Hunting with a Muzzle loading shot gun can be fun and challenging. I use a Thompson Center New Englander 12 gage single barrel. You only get one shot at a time with this gun. You can always use a double barreled gun to to get the second shot before reloading. But I like a lite gun and it gives the game just a little better chance.
If you are looking for a gun and have not bought one yet, I would lean towards getting a 12 gage gun. You can find 20 gages but you will only be able to load a 20 gage load in them. You can always load up your 12 gage with a lighter load and go up to a full 12 gage in the same gun. This way you will not have to get more than one gun when you want to hunt bigger game with your 12 gage. Besides a good double barrel will set you back $ 750.00 or more new. They also make 10 gages also. Used for larger game, like turkeys. But the 12 gage will hunt them just the same. You might have to get a bit closer to you game.
The size load and size of shot (pellets) you use will do a lot with what you plan to hunt. Rabbits you can use a lite load and #6 shot than say squirrels. I have knocked squirrels right out of a tree just to have them hit the ground running. A larger shot size #4 shot would be good for them. If you hunt birds I would use #8 for dove and #6 to #7 on grouse and #5 to #6 on pheasant. The smaller the shot size the more shot you have in your load. Makes for a denser shot pattern. But it will not carry as fare as bigger sized shot. I will mix shot size in the same load and have had good luck that way too. But I would always take the gun out and shoot news paper to see how the pattern is at different ranges. I once got a squirrel at a fare distance that only one of the larger pellets hit it in the chest cavity killing it instantly.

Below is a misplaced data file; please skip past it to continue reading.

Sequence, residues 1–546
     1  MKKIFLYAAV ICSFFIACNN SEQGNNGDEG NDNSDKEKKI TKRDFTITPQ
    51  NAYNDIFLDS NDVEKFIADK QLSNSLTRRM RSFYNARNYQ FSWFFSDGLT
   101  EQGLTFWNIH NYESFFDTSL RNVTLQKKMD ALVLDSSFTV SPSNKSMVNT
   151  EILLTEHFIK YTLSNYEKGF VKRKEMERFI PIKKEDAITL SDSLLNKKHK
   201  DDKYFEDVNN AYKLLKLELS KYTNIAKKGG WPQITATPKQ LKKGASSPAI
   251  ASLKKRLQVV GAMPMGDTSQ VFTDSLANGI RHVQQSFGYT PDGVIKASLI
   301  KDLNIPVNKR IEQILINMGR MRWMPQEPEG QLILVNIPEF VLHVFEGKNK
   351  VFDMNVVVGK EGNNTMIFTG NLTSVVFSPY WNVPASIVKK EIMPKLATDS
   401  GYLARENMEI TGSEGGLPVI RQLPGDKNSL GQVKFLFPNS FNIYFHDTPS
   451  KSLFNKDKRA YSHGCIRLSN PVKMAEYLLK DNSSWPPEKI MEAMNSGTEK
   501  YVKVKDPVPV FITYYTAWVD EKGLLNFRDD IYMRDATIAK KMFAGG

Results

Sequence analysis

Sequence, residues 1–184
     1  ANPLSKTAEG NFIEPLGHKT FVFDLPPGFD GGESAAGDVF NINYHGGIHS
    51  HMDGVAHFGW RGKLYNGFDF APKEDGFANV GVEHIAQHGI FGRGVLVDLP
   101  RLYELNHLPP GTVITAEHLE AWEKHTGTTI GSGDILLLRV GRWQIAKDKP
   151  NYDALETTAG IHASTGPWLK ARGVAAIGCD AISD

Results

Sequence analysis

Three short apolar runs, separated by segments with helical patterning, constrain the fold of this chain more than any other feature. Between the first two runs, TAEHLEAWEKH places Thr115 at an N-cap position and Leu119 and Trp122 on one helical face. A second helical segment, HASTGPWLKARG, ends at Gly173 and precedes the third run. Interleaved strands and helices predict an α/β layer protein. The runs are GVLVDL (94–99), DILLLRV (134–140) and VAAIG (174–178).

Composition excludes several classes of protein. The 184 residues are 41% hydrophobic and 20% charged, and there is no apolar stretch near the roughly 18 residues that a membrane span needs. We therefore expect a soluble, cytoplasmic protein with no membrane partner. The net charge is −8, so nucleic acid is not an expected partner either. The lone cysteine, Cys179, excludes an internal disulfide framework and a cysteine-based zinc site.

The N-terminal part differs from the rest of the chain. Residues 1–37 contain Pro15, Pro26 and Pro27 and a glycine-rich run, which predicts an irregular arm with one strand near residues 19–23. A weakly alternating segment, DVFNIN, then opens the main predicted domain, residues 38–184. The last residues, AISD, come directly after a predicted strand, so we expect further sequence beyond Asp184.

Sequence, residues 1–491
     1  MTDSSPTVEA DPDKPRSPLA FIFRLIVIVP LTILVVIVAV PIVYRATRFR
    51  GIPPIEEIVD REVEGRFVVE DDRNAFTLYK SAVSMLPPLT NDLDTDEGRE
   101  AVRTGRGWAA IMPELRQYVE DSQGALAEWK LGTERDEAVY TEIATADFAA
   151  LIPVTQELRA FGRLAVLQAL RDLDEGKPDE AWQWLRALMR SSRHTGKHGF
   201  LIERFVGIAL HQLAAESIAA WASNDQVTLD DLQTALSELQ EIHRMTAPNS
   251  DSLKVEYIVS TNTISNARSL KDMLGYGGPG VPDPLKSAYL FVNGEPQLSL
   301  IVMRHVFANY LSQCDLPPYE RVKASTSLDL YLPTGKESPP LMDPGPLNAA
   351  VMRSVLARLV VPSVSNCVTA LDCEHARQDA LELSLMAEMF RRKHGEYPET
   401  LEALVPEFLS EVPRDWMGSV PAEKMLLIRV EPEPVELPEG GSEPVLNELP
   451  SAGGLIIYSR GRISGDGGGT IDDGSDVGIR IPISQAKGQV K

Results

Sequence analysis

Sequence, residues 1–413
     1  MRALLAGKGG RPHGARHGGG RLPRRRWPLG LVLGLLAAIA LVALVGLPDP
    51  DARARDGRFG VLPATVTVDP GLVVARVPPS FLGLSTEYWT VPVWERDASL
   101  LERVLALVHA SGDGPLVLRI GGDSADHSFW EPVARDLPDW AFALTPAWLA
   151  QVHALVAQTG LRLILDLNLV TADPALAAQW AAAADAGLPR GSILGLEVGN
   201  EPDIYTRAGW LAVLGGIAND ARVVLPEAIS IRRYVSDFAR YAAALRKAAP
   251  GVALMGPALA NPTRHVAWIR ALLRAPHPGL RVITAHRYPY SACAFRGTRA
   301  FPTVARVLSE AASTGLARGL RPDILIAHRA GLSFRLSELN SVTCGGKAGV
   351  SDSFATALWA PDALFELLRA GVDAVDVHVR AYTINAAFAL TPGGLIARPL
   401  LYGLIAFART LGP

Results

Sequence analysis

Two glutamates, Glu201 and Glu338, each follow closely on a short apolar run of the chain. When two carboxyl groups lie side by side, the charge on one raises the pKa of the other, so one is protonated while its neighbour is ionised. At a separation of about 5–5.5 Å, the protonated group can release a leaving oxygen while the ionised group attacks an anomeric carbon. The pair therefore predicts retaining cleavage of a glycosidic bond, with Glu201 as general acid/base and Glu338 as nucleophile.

I always fancied Top treestands for hunters where you could sit back and wait for a potential target but I was appalled at killing the poor squirrel because I was quite fond of them and the fact that they are small defenseless creatures made it all the more agonizing.
Powder loads for a 12 gage can go as lite as 70 grains by volume to as heavy as 100 grains. These are the loads recommended by Thompson Center for the New Englander 12 gage. Other manufacturers may recommend something a little different. Shot load is measured in the same volume as the powder to keep things simple. 70 grains in a powder measure will give you around 1 once of shot by weight. 80 grains will give around 1 1/8 once, 90 grains 1 ¼ once and 100 grains will yield 1 3/8 once. Also the heavy hunting load will give the best shot patterns for the bigger sized shots.
Always use good muzzle loading practices when hunting or just target shooting. Never smoke around black powder. Always wipe out your barrel after every shot. It is not worth you losing your eye site, any other part of your body or life just to have it go off after you dump and new load of black powder down the barrel because you still had a live spark in the barrel. When using a double barrel, use a full sized wad on top of the shot. This will help the unfired barrels load to stay tight after shooting the first barrel. When re loading the first barrel re tamp the second unfired barrel again too.